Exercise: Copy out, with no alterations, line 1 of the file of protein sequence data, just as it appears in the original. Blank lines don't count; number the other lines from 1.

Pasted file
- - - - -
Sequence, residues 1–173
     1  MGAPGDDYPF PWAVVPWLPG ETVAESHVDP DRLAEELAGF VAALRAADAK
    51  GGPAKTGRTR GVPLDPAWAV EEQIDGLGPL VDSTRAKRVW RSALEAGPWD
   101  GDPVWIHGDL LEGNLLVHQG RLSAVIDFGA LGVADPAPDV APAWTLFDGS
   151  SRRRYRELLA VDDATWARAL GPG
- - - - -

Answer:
Sequence, residues 1–173